If there’s one sport synonymous with Canada, it’s hockey. Canada dominated the Winter Olympics in hockey from 1920 to 1952. The Soviet Union took over in 1956, when they first entered the competition, winning 7 gold medals over the next 9 Olympic games. In 1972, Canada did not send a team to the Olympics. The team boycotted the games because the International Ice Hockey Federation opposed allowing professional players in international competitions. Instead, Canada organized eight games against the Soviet Union in a competition known as the Summit Series. To celebrate the 50th anniversary of the series, the Royal Canadian Mint issued a $30 silver coin commemorating the iconic games that changed how hockey was played internationally.
The reverse of this special Anniversary $30 silver coin highlights Team Canada’s place in the series. Two hockey players are represented on the coin against the iconic maple leaf. The coaches’ initials and players’ jersey numbers surround the players, signifying the spirit of Canada. The outer portion of the reverse has a hockey net pattern. It completely celebrates Canada’s connection with hockey.
How The Summit Series Came To Be and Why It Mattered
When the Soviet Union entered international hockey competitions in 1956, they quickly dominated. The best of Canada’s hockey players were ineligible to play on the national team, because of their professional status. Canada generally sent their best university players or amateurs who played hockey for no pay. The Soviet Union’s national team got around that regulation by giving their best hockey players another title and profession. The government supported the hockey players, but since they were not playing hockey directly for money, their amateur status was preserved. Team Canada could not beat the Soviet Union’s national team without the best of the best players.
In the late 1960s, Canada was allowed one season to add pros to their national team. When they almost won a tournament, the IIHF changed the rule. Canada withdrew from international play. This meant they were out of the 1972 Olympics. But the Soviet Union wanted to show that they could dominate hockey against a team of professionals. Canada and Soviet officials negotiated for a series of games against each other. Four games would be played in Canada. Four games would be played in Moscow. It was believed that Canada would dominate the series. At the time, the games were only known as the Canada-USSR Series. No one truly realized the significance that these games would have on the game of hockey. The Canadian coins produced to honour this series are legendary.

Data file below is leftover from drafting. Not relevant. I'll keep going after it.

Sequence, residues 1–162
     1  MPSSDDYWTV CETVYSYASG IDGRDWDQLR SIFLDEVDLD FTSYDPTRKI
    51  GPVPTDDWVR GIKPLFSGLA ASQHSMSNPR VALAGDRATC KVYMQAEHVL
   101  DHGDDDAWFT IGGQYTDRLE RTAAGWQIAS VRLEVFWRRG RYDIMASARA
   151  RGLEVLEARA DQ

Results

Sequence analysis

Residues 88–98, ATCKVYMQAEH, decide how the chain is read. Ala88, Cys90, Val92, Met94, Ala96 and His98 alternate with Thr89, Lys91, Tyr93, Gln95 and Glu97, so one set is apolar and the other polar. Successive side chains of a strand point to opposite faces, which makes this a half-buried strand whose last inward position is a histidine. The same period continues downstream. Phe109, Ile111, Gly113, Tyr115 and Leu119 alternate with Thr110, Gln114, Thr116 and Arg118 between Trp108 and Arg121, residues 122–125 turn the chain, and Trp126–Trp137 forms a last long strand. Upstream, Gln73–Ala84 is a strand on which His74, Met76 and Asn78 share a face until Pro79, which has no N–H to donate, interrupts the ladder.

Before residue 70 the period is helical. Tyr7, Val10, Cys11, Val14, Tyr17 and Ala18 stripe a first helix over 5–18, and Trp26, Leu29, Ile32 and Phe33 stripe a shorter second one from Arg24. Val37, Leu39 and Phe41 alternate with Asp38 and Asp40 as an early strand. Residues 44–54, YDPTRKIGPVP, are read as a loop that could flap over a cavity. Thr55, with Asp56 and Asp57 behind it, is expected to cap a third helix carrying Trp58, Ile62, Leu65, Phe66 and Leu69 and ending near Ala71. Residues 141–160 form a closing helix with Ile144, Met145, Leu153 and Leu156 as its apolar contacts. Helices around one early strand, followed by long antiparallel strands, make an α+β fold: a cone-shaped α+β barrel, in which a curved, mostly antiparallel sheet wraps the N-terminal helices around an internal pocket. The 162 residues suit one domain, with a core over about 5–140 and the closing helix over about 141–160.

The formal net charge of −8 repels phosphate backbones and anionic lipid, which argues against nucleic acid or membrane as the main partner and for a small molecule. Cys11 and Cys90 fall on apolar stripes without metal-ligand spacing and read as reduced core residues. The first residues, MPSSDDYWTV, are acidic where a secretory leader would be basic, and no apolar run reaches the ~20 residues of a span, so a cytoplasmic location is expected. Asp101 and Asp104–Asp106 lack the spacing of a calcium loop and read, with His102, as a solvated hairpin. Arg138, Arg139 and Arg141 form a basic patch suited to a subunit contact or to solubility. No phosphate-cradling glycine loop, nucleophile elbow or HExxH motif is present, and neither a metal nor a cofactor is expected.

The Legacy of the Summit Series
Canada won the series, even without their two best players. Bobby Orr was out because of knee issues. Bobby Hull had joined the WHA, a rival league of the NHL, which made him ineligible to represent Team Canada. The Soviet team lost their best coaches but had the advantage of playing together year-round. The Canada team had been off through the summer and only came together a few weeks before the games. Each team’s own techniques were quite different. The Summit Series demonstrated that the gap between the two teams wasn’t as big as most people originally thought.
The tournament was held in both countries. The tournament’s first four games took place in Canada and the Soviet Union shocked the Canadian team and fans with a 7-3 victory in game 1. The hockey media had predicted that Canada would easily win this series. The following games went like this:
Game 2 – Canada won 4-1
Game 3 – Tied
Game 4 – Soviet Union won 5-3
The teams travelled to Moscow and the series resumes two weeks later.
Game 5 – Soviet Union won 5-4
Game 6 – Canada won 3-2
Game 7 – Canada won 4-3. This game is well known for Paul Henderson of the Toronto Maple Leaf’s goal that he scored to give Team Canada the win. He called this “the greatest goal of my life”.
Just like the entire series the final game was won in dramatic fashion, with the Canadians overcoming a two-goal Soviet lead after two periods. In the last minute of play, the team had Phil Esposito, Yvan Cournoyer and Peter Mahovlich out on the ice, Paul Henderson called Mahovlich off the ice as he was skating by. Henderson recalls that he had a strange feeling he could score the winning goal. With only 34 seconds left to play the winning goal was put in the back of the net.
Make Canadian Hockey Coins Part of Your Collection
A Canada silver coin with a design that remembers Team Canada in the 1972 Summit Series is a great way to remember the games that changed hockey. Professionals were eventually allowed to compete internationally, giving Canada the opportunity to put their best against the world’s best. This Canadian coin silver features the effigy of Her Majesty Queen Elizabeth II. This coin comes in a protected clamshell with a black beauty box. With only 5,000 coins minted, it’s a collector’s item that will go fast among hockey enthusiasts.
Find hockey coins for sale at Colonial Acres Coins that fit your collection of coins.